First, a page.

Are you planning the vacation of a lifetime? Maybe you’re gearing up for yet another business trip or packing gifts for a visit with relatives. Whatever the destination, if you’re feeling fit and healthy, you may be concerned about losing ground or getting sick on the along the way. So, how can you stay healthy while traveling?
Bettye Allis, regional sales manager and former fitness instructor at Canyon Ranch in Tucson, is an avid traveler and fitness enthusiast. She’s developed some techniques for herself that help you stay on a healthy track from the moment you leave home.
“I want to hold my own while traveling,” says Bettye. “My goal is to maintain my health and fitness on the road, so that I can get right back into my regular fitness routine when I get home.”
In the air
Because most travelers fly, Bettye suggests a number of pre-travel preparations to keep you feeling great during and after the flight.
• Make a small travel kit to go in your carry-on bag. Take hydrating spray for your face and hair, a hand sanitizer, eye drops if dry eyes bother you.
• Fill your water bottle with green tea.
• Take an over-the-counter cold prevention product or similar megavitamins designed to help ward off infection from the dry, re-circulated air in planes.
• Pack your own food, making sure to include the same fresh whole grains, fruits and vegetables that regularly keep you healthy. Airline and airport food are notoriously poor candidates for good nutrition.
• Drink lots of water as you fly.
• Get up and walk the aisle, do simple stretches.
• Avoid alcohol.
On the ground
Your next best friend is a pedometer. Especially when you’re on the road, you can strive for 10,000 daily steps. So strap it on before you go.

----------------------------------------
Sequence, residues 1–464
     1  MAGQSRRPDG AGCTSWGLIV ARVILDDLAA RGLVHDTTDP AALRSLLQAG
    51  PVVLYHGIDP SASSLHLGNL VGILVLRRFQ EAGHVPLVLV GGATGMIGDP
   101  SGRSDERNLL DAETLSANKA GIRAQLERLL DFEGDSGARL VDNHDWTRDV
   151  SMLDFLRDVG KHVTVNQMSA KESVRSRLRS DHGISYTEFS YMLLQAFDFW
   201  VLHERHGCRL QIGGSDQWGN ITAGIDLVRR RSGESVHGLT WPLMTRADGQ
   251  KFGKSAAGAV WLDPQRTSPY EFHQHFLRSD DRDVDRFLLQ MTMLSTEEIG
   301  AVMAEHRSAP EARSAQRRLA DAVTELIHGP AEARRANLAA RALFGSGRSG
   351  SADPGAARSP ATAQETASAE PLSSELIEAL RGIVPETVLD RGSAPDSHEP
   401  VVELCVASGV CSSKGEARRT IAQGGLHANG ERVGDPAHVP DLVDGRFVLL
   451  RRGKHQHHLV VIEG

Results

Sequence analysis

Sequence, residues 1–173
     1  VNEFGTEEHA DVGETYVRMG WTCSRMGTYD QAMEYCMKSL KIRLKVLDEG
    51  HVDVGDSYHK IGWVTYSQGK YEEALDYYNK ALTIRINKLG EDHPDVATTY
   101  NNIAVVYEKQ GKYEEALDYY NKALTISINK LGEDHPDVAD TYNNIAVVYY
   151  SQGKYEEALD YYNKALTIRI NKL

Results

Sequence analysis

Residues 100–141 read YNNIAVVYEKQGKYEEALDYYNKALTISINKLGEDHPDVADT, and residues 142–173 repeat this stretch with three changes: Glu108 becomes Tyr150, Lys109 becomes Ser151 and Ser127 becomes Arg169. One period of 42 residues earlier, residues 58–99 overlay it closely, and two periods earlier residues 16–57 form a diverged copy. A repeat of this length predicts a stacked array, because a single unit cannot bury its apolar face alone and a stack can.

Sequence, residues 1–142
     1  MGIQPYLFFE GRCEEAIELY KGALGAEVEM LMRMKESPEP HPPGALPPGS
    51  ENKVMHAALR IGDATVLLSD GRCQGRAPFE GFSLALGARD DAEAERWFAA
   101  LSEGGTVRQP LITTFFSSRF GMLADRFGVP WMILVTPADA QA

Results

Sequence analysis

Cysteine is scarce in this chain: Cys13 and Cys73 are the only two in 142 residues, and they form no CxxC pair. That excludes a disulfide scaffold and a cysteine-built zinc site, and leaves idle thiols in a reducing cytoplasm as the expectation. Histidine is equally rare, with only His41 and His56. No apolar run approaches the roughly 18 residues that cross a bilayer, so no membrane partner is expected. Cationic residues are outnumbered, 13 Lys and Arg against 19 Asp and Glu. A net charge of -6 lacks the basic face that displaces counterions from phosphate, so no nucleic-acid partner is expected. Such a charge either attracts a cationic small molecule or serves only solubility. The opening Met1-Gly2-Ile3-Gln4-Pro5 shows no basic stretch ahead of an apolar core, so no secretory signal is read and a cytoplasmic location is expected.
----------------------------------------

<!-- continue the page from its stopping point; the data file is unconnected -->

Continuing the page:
“Never sit in the airport,” says Bettye. “Walk between planes!”
If you’re dressed for business travel, change into a comfortable pair of walking shoes, grab your rolling carry-on and keep moving. Remember that you’ll be sitting again for hours in the air.
Away from home
Once at your destination, health and fitness can still figure into your routine. Bettye suggests planning your activity route to include lots of walking. Book your hotel in a safe part of the city, perhaps near a park or fitness facility. If you rent a car, park at a distance from your destination and enjoy the walk. Keeping aware of your surroundings, you can also walk to appointments, take the stairs instead of the elevator, and make good use of the fitness facilities and swimming pools available at most hotels.
Better yet, if you travel frequently to the same destinations, make friends there and plan ahead to exercise with them during your stay.
If you prefer to exercise in your room, Bettye suggests that you travel with a yoga or Pilates mat, your favorite exercise video or DVD, or an exercise tube – a stretchy rope used for resistance training. Another often-overlooked tool is your laptop computer, a convenient substitute for free weights.
If you’re coming to the Ranch in Tucson, Bettye urges you to attend Michael Hewett’s 8-minute workout class. Easily memorized, “you’ll learn the ideal exercise routine for busy travelers.”
Food for thought & fitness
What about eating out? Be aware of the foods you eat and work a little harder to maintain a healthy diet. Order whole grains whenever possible, and take your own low-calorie salad dressings in little packets. Ask for sauces on the side and use sparingly. Select dishes cooked with olive oil instead of butter.
“And you can ask to have your order split, with half of the meal boxed up in advance,” says Bettye.
This keeps your portions manageable.
Bettye also carries a little journal to record the number of servings of fruits, vegetables and proteins she eats every day, along with the final number of steps on the pedometer. That information tells her whether to take a walk after dinner, how vigorously to exercise, or how to adjust her diet and activities for the following day.
Plan for everything
Beyond staying fit, think ahead in the event of illness or injury away from home.
“Come prepared,” says Bettye.
Don’t pack medications. Carry them with you, along with your normal vitamins, allergy remedies, first aid items, copies of prescriptions (including eyeglass prescription) copies of credit cards, insurance card and drivers license. Program your doctor’s number into your telephone, and call if you become ill.
“And as obvious as it sounds, take the right shoes,” she says.
Foot fatigue or injury can curtail all of your best fitness intentions on the road.
According to Bettye, “none of us really has an excuse.”
Whether you’re winging your way to an exotic New Year’s Eve in Venice, a hometown holiday reunion or another business convention, you can feel just as good when you return to your doorstep as you did on the way to the airport. Maybe even better.